2. Microservices: Docker is well-suited for creating and managing microservices architectures, enabling each service to run in its own container.

  3. Databases: Docker containers can encapsulate databases such as MySQL, PostgreSQL, MongoDB, etc., making it easy to manage different database instances.

  4. API Services: RESTful APIs and other backend services can be containerised using Docker for easy deployment and scaling.

  5. DevOps and Continuous Integration/Continuous Deployment (CI/CD): Docker is integral to modern CI/CD pipelines, enabling consistent environments across development, testing, and production stages.

  6. Machine Learning and Data Science: Docker containerises machine learning models, data processing pipelines, and other data science workflows.

  7. Networking Services: Networking components, such as load balancers, reverse proxies, and DNS servers, can be containerised to simplify deployment and management.

  8. Desktop Applications: While less common, Docker can also package and distribute desktop applications with their dependencies.

The flexibility and consistency offered by Docker containers make it a valuable tool for a broad spectrum of applications, providing scalability, portability, and ease of deployment benefits.

Using Docker


With Docker, you can define your application and its dependencies in a Dockerfile, a text file containing instructions for building a Docker image.

You can then use the Docker CLI to build and run containers based on your image. Docker provides a centralised repository called Docker Hub, where you can store and share your images with others.

Python App in Docker

Let’s create a simple Python code example that prints “Hello, Docker” to the console. We’ll create a Docker image that runs this code in a container.

Here’s the Python code:

print("Hello, Docker")

Next, we’ll create a Dockerfile that specifies the image we want to build.

# Use an existing Python image as the base image
FROM python:3.9-alpine

# Set the working directory in the container

# Copy the Python code into the container
COPY . .

# Run the Python code when the container is started
CMD ["python", "hello-docker.py"]

Now, we can build the Docker image using the following command in the terminal:

docker build -t hello-docker .

Finally, we can run a container based on the image with the following command:

docker run hello-docker

This will start a new container and run the Python code, printing “Hello, Docker” to the console.

You can stop a running Docker container using the docker stop command and specifying the container ID or name.

Here’s the basic syntax:


For example, if you have a running container named “my-container”, you can stop it with the following command:

docker stop my-container

Alternatively, you can find the container ID of the running container by using the docker ps command, which lists all running containers:

docker ps

The output will look something like this:

CONTAINER ID        IMAGE               COMMAND             CREATED             STATUS              PORTS               NAMES
678901234567        hello-docker        "python hello-docker.py"   2 hours ago        Up 2 hours                         my-container

You can then stop the container by using the container ID:

docker stop 678901234567

By default, the docker stop command sends a SIGTERM signal to the process running in the container. If the process doesn’t exit within a default timeout of 10 seconds, the command will send a SIGKILL signal, which terminates the process immediately. You can change the timeout using the –time or -t option.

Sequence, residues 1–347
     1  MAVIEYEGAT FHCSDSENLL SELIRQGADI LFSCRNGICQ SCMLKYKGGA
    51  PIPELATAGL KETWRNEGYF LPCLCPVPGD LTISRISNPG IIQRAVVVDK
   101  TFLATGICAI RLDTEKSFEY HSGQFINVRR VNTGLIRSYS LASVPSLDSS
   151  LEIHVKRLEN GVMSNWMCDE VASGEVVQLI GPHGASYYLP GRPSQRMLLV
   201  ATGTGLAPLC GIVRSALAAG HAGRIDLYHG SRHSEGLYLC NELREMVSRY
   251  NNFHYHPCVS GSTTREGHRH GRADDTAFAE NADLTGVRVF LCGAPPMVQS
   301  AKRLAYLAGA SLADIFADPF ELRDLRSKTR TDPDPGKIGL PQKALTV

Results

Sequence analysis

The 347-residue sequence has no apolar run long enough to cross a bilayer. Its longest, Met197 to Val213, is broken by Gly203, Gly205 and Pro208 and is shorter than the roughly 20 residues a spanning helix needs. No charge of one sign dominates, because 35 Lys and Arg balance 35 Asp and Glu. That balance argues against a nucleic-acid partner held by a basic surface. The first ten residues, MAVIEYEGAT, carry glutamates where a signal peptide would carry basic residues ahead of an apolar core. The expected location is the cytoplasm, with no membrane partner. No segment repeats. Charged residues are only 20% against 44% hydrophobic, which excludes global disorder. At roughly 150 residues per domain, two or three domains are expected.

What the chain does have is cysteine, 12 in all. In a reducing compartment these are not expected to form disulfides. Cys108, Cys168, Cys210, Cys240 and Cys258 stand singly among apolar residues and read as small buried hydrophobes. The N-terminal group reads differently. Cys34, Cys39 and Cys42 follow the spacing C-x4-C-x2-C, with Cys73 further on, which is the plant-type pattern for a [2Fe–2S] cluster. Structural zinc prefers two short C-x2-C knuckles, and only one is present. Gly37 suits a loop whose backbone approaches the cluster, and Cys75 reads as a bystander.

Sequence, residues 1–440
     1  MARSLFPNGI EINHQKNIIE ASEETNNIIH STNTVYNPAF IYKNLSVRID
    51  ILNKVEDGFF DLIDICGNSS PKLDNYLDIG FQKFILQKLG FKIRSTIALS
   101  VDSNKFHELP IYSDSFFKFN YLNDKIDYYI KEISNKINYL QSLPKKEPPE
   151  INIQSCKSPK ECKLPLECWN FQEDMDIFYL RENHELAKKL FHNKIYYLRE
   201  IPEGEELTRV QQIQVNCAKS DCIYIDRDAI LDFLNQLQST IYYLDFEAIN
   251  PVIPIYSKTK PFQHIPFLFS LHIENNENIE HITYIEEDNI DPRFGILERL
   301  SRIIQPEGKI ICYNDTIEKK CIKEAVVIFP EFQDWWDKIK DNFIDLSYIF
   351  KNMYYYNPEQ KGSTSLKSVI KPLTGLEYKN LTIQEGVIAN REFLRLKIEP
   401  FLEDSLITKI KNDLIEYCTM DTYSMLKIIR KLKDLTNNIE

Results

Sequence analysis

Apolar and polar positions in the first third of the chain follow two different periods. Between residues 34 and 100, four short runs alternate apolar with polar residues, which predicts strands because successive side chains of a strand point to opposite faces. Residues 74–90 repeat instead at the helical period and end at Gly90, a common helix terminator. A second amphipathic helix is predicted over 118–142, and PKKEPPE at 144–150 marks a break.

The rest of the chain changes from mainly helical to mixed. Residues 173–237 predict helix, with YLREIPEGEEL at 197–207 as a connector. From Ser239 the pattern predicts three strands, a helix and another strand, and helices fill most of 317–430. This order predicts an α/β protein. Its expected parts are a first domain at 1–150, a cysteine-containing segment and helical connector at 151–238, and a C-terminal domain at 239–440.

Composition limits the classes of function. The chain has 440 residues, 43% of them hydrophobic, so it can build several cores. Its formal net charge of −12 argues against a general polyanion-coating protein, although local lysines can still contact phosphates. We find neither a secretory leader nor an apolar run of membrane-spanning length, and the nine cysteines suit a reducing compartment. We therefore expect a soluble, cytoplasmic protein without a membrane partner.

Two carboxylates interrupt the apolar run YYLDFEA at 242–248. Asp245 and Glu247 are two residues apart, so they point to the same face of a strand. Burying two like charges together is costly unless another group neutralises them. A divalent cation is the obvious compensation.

You can change the timeout when stopping a Docker container using the –time or -t option. This option specifies the number of seconds to wait for the container to stop before sending a SIGKILL signal.

Here’s an example of using the –time option to stop a container with a timeout of 5 seconds:

docker stop --time 5 my-container

Or you can use the -t option, which is equivalent:

docker stop -t 5 my-container

In this example, the docker stop command will wait 5 seconds for the process running in the container to exit. If the process doesn’t exit within the specified time, a SIGKILL signal will be sent to the process to terminate it.

Copy instruction

In a Dockerfile, the COPY instruction is used to copy files or directories from the build context (the directory containing the Dockerfile) into the container’s file system. The syntax for the COPY instruction is:

COPY source destination

  • source refers to the files or directories in the build context that you want to copy into the image.
  • destination is the path in the container where the files or directories will be copied.

For example, if you have a directory structure like this:

├── Dockerfile
└── app
    ├── file1.txt
    └── file2.txt

And your Dockerfile contains the following line:

COPY app/ /usr/src/app/

All contents of the app/ directory in the build context will be copied to the /usr/src/app/ directory in the container.

If you want to copy a single file, you can specify the file directly:

COPY file.txt /path/in/container/

Here, file.txt from the build context will be copied to /path/in/container/ in the container.

It’s important to note that the COPY instruction is used during the build phase, not during the container’s runtime. Any changes made to the files in the build context after the COPY instruction won’t affect the image unless the Dockerfile is rebuilt.

Signing up

I recommend signing up for a Docker Desktop account, providing several benefits:

  1. Access to Docker Hub: Docker Hub is a cloud-based registry service that allows you to share and manage Docker images.

  2. Private Repositories: You can create private repositories on Docker Hub, which can be helpful if you want to keep your Docker images private and share them only with specific individuals or teams.

  3. Image and Container Management: The Docker Desktop account provides a web-based interface for managing your Docker images and containers without using the command line.

  4. Automatic Updates: Docker Desktop can be configured to check for updates automatically and download them.